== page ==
Within seven days of exposure to hepatitis B through a needle stick, a patient who does not have the immunizations for the disease should receive a hepatitis B immunoglobulin shot and take the first of three vaccine shots. After sexual contact, this same routine should begin within two weeks. The sooner a person receives this treatment the more effective it is, according to Mayo Clinic. If a patient develops hepatitis B, treatment depends on whether it is acute or chronic.
Most patients who develop the symptoms of acute hepatitis B do not require the antiviral medication, states Mayo Clinic. These patients should avoid alcohol and drugs, eat a balanced diet and drink plenty of fluids. If they are very sick, their doctor may prescribe medication for the disease. Even though they do not require medication, acute hepatitis B patients should follow up regularly with their doctor and have regular blood tests to test their liver and the progress of the disease in the body.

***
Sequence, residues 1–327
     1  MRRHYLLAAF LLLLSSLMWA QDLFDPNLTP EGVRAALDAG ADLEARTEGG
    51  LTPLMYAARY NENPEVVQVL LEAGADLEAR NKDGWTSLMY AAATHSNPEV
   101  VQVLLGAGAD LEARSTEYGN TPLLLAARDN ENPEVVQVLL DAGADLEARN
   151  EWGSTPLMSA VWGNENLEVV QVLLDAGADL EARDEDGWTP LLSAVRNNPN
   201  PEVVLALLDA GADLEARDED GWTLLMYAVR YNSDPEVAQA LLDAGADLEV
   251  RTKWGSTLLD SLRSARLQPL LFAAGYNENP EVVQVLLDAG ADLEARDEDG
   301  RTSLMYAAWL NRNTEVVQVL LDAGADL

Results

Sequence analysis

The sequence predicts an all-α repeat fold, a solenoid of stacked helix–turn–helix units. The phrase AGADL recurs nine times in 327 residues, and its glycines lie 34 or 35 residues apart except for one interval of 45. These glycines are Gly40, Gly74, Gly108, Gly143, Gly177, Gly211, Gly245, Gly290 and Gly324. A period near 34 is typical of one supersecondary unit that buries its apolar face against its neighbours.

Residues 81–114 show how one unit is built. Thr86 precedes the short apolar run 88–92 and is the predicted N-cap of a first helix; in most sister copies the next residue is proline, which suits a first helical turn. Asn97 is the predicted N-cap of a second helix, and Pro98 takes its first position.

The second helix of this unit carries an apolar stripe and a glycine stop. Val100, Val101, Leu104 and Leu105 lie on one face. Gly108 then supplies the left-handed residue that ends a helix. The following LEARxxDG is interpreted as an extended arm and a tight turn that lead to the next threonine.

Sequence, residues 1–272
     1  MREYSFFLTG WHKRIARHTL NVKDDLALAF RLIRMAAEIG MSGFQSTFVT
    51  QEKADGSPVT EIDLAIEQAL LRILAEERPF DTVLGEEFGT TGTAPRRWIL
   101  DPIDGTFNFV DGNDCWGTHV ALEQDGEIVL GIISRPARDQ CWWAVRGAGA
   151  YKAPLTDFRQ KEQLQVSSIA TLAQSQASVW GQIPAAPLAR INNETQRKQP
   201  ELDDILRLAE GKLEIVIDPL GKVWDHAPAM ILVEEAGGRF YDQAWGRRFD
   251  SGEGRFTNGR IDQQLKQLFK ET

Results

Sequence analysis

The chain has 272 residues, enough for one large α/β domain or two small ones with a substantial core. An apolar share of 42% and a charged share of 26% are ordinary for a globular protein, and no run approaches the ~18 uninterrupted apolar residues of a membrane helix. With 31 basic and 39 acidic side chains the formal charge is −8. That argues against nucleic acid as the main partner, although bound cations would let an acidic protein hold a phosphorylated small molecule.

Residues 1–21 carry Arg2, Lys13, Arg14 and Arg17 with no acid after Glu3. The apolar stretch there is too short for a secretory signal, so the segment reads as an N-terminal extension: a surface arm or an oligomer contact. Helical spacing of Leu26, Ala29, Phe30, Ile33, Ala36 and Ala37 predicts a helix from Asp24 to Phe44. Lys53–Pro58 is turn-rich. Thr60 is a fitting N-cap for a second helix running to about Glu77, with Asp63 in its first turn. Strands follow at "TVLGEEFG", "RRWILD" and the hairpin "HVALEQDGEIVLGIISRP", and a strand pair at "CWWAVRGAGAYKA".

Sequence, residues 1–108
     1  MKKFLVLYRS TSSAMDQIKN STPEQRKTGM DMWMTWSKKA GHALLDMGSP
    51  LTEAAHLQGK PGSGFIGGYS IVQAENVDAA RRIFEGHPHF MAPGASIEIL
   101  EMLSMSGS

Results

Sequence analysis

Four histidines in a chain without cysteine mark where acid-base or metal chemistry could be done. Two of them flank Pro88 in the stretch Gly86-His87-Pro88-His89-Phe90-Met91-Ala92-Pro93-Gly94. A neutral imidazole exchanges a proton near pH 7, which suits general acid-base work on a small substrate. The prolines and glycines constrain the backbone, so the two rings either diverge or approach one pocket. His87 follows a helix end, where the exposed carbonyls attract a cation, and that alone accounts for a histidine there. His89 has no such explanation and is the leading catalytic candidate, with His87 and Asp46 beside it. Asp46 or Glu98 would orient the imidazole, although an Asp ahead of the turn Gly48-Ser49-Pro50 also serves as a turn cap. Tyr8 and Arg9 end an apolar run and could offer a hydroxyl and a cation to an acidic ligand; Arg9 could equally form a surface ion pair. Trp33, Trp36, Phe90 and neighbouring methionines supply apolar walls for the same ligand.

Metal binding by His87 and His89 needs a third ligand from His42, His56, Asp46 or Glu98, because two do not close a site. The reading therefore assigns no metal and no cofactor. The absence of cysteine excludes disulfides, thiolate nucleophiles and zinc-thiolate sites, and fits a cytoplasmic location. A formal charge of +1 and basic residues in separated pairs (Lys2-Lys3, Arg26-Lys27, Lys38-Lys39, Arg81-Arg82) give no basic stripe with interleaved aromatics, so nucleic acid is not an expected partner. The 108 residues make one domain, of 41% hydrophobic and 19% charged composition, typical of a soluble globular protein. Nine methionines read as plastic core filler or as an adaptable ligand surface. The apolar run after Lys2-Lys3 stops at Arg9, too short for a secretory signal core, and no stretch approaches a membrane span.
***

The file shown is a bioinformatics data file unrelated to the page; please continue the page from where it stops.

Patients with chronic hepatitis B are more likely to require medication. Its purpose is to stop any further damage to the liver by slowing the multiplication of the virus, explains Mayo Clinic. Patients who develop severe liver damage may require a liver transplant.